NerdWallet has ranked Bon Air at #5 after assessing the town’s public school rating, average home value, ongoing cost of home ownership, average income, and economic growth.
Homebuyers in Bon Air are likely to see their houses grow in value as the areas population has seen a significant increase in recent years. The quality of the town’s public education system also makes living in Bon Air a good education investment as well as a good financial investment.
“Originally, Bon Air was a haven just for the wealthy of Richmond because of its pleasant climate, great views and convenient access to the city. It’s still populated with up-scale, historical Victorian homes, but it’s also become more accessible for young families. While the rest of the greater Richmond area has expanded significantly in the last ten years, Bon Air’s contained size has allowed it to maintain a small-town feel,” said Mike Anderson, Analyst, NerdWallet.
Do you want the opportunity to make a difference in the lives of Chesterfield County youths?
The Chesterfield County Youth Planning and Development Department is seeking youths and adults to serve on the Youth Services Citizen Board.
The board is composed of a junior and senior from each high school and an adult representative from each magisterial district. In addition, up to eight youths may be appointed as at large members, representing students not enrolled in Chesterfield County Public Schools, such as those attending home, private or governor’s schools.
Board members attend monthly meetings and help plan programs throughout the year, including the Outstanding Youth Awards and the Community Youth Forum.
Positions are available for seven at large members, as well as the following:
Summer is here and it’s time to get out on the water!
To ensure safe and responsible river recreation, the James River Association (JRA) has updated the James River Watch website to offer even more useful information on current swimming, boating and fishing conditions.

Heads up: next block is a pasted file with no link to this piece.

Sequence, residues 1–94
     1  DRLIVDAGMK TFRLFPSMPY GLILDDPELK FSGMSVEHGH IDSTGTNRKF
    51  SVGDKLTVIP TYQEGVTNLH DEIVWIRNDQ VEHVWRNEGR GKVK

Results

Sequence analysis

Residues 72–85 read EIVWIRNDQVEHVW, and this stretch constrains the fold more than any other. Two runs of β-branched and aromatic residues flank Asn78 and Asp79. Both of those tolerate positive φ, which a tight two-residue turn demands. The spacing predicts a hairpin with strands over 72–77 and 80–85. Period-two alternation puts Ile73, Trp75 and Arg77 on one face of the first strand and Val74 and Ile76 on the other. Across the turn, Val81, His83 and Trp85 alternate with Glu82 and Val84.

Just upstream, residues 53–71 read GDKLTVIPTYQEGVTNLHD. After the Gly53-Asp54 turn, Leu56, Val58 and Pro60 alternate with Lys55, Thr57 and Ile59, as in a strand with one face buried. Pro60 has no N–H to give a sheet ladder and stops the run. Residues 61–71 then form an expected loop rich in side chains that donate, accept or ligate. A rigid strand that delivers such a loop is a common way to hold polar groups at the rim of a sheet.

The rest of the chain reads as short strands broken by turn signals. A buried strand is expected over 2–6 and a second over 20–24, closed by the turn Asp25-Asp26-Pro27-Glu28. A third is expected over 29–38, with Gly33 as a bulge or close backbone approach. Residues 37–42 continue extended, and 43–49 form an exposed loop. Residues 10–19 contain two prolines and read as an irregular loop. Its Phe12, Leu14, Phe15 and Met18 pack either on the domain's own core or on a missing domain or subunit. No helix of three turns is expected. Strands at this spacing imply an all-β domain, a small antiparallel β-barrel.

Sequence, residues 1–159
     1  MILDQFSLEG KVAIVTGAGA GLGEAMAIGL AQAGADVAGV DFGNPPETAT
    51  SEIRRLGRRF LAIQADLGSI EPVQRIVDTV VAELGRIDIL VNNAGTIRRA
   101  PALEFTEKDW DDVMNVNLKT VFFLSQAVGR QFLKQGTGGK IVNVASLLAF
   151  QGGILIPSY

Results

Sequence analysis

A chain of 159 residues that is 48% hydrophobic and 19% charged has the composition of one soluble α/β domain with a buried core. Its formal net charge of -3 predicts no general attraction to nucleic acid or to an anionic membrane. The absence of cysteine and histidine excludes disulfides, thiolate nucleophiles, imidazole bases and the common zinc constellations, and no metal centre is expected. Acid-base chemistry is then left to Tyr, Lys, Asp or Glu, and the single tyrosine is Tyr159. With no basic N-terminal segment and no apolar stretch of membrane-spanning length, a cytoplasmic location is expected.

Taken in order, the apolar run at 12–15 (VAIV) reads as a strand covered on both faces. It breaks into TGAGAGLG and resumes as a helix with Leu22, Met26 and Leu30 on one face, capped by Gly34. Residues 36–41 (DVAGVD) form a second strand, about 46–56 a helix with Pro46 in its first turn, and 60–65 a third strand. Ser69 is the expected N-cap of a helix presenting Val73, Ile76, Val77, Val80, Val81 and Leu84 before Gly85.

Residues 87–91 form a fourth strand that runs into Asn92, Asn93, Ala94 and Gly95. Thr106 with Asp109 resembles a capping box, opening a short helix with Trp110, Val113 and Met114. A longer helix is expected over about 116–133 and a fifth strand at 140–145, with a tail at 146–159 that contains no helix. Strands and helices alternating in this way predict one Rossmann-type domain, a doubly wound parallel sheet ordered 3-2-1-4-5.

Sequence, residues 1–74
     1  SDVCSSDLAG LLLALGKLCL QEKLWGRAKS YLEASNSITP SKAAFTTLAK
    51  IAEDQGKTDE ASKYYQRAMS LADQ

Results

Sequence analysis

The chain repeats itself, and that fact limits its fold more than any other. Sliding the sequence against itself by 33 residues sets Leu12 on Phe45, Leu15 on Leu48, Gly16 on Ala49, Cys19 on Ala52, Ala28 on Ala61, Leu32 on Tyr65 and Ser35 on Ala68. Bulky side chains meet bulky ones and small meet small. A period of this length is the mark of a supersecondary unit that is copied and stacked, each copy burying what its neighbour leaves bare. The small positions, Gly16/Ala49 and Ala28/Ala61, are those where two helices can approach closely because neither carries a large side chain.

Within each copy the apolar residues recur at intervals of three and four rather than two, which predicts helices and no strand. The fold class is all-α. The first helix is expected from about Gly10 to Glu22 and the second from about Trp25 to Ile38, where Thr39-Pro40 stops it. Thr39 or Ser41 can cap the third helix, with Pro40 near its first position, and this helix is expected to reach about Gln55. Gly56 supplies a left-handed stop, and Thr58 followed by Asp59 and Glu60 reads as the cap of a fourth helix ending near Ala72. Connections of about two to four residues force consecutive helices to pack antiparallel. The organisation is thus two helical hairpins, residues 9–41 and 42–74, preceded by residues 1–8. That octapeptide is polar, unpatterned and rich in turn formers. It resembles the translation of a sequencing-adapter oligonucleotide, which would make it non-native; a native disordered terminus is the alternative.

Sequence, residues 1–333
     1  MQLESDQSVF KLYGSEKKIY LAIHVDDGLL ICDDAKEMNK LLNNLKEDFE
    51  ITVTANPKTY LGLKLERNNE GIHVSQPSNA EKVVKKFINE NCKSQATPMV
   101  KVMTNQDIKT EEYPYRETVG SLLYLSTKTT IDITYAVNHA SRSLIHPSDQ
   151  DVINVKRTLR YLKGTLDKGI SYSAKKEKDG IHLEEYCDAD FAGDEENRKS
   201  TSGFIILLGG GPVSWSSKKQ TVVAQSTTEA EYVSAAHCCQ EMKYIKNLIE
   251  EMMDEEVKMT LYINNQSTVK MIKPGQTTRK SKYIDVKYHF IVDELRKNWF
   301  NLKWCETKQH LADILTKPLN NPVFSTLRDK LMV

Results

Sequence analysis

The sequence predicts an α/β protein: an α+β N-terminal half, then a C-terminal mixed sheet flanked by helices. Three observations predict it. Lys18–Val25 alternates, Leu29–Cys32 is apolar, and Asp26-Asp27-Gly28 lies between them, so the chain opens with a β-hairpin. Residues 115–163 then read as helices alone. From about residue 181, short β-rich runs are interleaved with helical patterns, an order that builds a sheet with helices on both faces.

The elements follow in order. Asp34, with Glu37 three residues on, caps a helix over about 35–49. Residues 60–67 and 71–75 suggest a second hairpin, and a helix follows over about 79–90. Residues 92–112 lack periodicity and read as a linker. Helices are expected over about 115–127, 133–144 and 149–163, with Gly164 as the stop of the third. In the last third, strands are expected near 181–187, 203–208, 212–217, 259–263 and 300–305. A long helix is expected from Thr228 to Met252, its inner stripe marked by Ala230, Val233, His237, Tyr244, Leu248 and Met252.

The James River Watch website is available at www.jamesriverassociation.org/jrw.
With support from Virginia Department of Environmental Quality (DEQ) and dozens of newly trained volunteer citizen water monitors, the James River Watch will be updated every Friday from May until September with data on bacteria, water clarity and water temperature.
High public use locations to be monitored in 2013 include Jamestown, Hopewell, Petersburg, Richmond, Maidens, Scottsville, Lynchburg and Buchanan.
Barnes & Noble at Chesterfield Towne Center welcomes New York Times Bestselling and Award-winning Author, Kimberla Lawson Roby, at 7:00 PM on Friday, June 14.
Kimberla will be reading, discussing, and signing her 19th novel, A House Divided. The book was released on Tuesday, May 7.
A House Divided is the tenth novel in Kimberla Lawson Roby’s Reverend Curtis Black Series. As in her previous work, she tackles very real social issues, including corruption within the church, gambling addiction, domestic violence, motherhood, care-giving of a parent, and drug addiction to name a few.
Kimberla has published 18 novels, which have frequented numerous bestseller lists, including The New York Times, USA Today, The Washington Post, Publishers Weekly, and Essence Magazine.